It’s a small annoyance, but an annoyance nonetheless.

Don’t rely on conveying important information in a PDF or some other document. It’s fine if your organization uploads its board of directors meeting minutes as a PDF, or you offer nice printable fliers and brochures for your users to download, but critical information that your visitors will want right away shouldn’t be relegated to downloadable documents. Put it on the page and keep it updated there.

Also, if you do keep PDF versions of brochures and other content (in addition to having the important stuff on the page itself) it doesn’t hurt to mention the last time that PDF was updated, so users know if they are even getting the most up-to-date version.

Your Website (and Other Online Listings) are Out of Date

Ever try to decide where you are going to go out to eat, only to find that the restaurant’s Google listing says they are closed, the website says they are open, and the Facebook page’s last post was from 8 months ago and says “Merry Christmas?”

Sure, it isn’t a big deal to call up a place to check to see if they are open, but you’d be saving your customers an entire step if everything was kept updated. It’s not hard to push out a quick update to social media and your directory listings (we’ll talk more about this in a minute), but it is pretty easy to forget. It’s important to set up a documented process of everything that needs to be updated when your hours of operation change, or there is some other major change to your business.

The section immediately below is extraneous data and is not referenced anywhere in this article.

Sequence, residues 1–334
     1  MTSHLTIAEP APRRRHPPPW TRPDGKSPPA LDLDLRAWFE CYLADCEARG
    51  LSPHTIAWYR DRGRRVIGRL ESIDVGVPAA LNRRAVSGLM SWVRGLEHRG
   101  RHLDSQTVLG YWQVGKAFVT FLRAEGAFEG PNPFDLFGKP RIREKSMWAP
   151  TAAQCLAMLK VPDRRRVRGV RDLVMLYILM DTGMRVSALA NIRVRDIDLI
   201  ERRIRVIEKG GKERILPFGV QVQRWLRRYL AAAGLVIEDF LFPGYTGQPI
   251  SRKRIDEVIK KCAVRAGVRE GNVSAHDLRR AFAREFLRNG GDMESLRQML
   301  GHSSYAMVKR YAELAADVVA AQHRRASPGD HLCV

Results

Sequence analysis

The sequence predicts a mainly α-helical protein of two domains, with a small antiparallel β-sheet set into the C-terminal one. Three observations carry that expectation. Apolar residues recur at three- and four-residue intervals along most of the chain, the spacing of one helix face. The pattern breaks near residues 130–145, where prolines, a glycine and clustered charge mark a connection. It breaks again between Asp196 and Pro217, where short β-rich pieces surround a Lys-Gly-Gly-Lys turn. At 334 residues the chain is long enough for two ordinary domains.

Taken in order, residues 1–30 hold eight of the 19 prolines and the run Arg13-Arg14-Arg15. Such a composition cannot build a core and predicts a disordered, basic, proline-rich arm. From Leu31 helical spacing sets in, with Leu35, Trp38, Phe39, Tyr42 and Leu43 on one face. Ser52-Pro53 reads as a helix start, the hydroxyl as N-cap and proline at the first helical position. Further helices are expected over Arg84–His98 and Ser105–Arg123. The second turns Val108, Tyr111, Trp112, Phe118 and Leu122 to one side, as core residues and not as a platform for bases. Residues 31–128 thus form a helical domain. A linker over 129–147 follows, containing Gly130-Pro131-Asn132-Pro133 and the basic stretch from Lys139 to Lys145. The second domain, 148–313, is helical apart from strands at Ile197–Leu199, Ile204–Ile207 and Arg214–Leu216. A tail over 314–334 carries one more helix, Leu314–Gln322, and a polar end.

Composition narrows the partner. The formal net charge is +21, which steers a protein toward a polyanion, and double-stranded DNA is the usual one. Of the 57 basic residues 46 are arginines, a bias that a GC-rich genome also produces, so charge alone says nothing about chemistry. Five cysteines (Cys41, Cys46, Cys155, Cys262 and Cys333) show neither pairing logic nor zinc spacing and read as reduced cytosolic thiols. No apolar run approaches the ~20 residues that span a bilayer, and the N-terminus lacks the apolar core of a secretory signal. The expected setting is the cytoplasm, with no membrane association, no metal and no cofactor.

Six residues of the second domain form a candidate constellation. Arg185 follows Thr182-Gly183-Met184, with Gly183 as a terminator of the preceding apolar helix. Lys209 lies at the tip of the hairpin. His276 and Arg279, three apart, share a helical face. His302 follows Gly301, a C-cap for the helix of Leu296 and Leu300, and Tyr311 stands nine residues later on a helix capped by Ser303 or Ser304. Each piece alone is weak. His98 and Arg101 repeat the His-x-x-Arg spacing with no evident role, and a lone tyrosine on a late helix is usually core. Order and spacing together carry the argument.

Your website needs to be easy to edit. That’s why we always recommend using a Content Management System (CMS). A CMS allows you to easily log into your website and make simple changes without needing to know any code. A good CMS can also add a ton of really great functionality to your website, such as easy-to-manage forms, events calendars, registration, blogging, and a whole lot more. 

We typically build websites using either Joomla or WordPress, two really great platforms that are widely supported, free, and easy to use, but we’re familiar with a bunch of other more specialized website solutions too.

Keeping your website updated as things change within your organization is important in a lot of ways. It gives the search engines more to look at, which in turn helps you draw in more relevant traffic. It helps your visitors understand what you actually do and provide. 

You are Ignoring Directory Listings

We started to touch on this above, but it’s worth having its own section. A decent chunk of your customers or clients will never go to your website. They simply won’t. Many users are starting to get used to the fact that they can get all of the information they need on Facebook, Twitter, LinkedIn, Yelp, 4Square, Google, Bing, and everywhere else that isn’t your actual website.

Want to know why?